Effect of ethics consultations in the intensive care unit
Department of Family and Preventive Medicine and Department of Medicine, University of California School of Medicine, San Diego, California, USA. Critical Care Medicine
(Impact Factor: 6.31).
12/2006; 34(11 Suppl):S359-63. DOI: 10.1097/01.CCM.0000237078.54456.33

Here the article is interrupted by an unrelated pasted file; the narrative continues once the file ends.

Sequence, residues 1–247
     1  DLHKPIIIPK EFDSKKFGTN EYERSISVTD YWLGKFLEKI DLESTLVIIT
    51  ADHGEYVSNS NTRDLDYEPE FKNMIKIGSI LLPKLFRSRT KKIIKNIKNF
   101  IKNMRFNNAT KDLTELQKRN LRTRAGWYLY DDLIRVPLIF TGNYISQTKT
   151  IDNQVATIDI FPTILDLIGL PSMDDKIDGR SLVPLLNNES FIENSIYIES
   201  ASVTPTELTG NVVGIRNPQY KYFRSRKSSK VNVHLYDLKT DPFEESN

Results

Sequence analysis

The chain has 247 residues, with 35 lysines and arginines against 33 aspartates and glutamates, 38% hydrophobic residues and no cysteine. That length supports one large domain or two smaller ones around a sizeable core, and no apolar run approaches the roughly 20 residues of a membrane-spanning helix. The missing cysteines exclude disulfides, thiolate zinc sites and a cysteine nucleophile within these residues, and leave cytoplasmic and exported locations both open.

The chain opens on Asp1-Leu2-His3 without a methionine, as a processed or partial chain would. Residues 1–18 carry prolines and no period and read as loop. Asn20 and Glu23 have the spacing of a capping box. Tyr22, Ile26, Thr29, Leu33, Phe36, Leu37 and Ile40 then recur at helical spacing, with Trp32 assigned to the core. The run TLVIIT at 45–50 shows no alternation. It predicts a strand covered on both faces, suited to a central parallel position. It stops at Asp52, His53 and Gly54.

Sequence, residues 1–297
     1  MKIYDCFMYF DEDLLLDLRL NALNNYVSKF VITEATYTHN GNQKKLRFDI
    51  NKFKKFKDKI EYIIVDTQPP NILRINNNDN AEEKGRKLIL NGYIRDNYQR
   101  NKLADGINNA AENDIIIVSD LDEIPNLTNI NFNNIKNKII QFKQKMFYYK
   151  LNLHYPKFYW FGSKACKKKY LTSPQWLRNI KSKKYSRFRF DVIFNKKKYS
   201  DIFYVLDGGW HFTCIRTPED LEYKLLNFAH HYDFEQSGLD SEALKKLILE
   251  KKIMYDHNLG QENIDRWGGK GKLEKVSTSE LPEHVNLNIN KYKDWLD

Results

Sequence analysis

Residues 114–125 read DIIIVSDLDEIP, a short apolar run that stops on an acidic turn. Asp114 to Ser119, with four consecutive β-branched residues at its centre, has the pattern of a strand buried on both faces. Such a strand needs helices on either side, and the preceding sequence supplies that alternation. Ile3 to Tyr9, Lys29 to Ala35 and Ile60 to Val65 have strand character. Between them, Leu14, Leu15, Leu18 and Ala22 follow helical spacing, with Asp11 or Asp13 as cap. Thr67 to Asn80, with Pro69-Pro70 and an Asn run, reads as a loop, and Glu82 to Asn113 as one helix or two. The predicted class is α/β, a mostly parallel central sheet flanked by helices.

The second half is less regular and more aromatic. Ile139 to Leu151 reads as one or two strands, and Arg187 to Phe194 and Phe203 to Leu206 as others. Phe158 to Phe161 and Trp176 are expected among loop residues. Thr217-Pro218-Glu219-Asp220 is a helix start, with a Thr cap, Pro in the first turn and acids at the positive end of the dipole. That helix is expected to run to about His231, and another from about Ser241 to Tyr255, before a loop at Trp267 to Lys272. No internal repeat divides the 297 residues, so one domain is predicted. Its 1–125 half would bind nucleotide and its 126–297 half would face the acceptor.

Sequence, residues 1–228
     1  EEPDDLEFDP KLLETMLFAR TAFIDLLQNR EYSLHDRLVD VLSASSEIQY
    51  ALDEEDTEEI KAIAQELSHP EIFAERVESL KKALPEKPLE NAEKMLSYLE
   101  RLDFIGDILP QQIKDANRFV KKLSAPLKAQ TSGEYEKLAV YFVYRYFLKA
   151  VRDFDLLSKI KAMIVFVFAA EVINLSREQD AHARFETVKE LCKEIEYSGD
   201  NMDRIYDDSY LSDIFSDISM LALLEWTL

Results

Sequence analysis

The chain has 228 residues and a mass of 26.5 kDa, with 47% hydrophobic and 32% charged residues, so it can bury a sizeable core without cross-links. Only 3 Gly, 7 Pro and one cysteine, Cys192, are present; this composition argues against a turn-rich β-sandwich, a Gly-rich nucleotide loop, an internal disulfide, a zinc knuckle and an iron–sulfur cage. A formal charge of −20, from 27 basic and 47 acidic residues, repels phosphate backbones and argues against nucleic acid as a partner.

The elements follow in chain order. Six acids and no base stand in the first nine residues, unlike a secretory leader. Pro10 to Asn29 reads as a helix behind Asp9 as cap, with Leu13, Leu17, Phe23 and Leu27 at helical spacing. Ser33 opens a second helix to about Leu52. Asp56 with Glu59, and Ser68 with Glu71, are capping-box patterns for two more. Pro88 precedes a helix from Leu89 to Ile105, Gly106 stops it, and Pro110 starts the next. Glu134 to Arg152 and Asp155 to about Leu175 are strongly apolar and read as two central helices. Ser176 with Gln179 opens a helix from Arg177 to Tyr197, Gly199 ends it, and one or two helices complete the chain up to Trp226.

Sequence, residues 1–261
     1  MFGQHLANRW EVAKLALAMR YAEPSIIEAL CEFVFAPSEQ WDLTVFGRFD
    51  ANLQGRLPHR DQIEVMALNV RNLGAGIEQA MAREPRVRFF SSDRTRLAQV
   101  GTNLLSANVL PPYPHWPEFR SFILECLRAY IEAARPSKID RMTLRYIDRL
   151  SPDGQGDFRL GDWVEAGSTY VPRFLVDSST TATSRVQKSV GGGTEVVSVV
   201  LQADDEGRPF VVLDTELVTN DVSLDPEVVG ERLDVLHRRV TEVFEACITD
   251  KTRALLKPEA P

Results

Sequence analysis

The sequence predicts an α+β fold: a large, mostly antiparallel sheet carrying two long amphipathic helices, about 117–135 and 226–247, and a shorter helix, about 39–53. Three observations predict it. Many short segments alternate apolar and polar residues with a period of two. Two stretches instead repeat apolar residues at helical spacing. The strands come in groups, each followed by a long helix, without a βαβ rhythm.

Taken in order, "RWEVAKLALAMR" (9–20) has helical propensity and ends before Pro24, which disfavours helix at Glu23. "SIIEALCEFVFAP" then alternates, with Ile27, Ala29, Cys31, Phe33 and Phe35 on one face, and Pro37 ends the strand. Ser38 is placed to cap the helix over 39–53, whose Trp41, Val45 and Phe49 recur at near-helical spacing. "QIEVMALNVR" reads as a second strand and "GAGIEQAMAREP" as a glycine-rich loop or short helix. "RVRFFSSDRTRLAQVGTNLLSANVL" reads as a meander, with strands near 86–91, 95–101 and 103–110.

Although evidence-based research is limited, results suggest that ethics consultations are associated with reductions in hospital days and intensive care unit days and in life-sustaining treatments in those patients who ultimately will not survive to discharge. Furthermore, the majority of healthcare providers and patients/surrogates agreed that ethics consultations in the intensive care unit were helpful in addressing treatment conflicts. Ethics consultations also reduce hospital costs without diminishing the quality of care. Hence, ethics consultations seem to be useful in resolving conflicts that may be inappropriately prolonging nonbeneficial or unwanted treatments at the end of life. Further research on whether ethics consultations are beneficial in other settings is needed to establish the optimal scope of this intervention. Also, the benefits described above were achieved by highly skilled and experienced consultants. It is not certain, therefore, how successful other hospitals will be when adopting this intervention.
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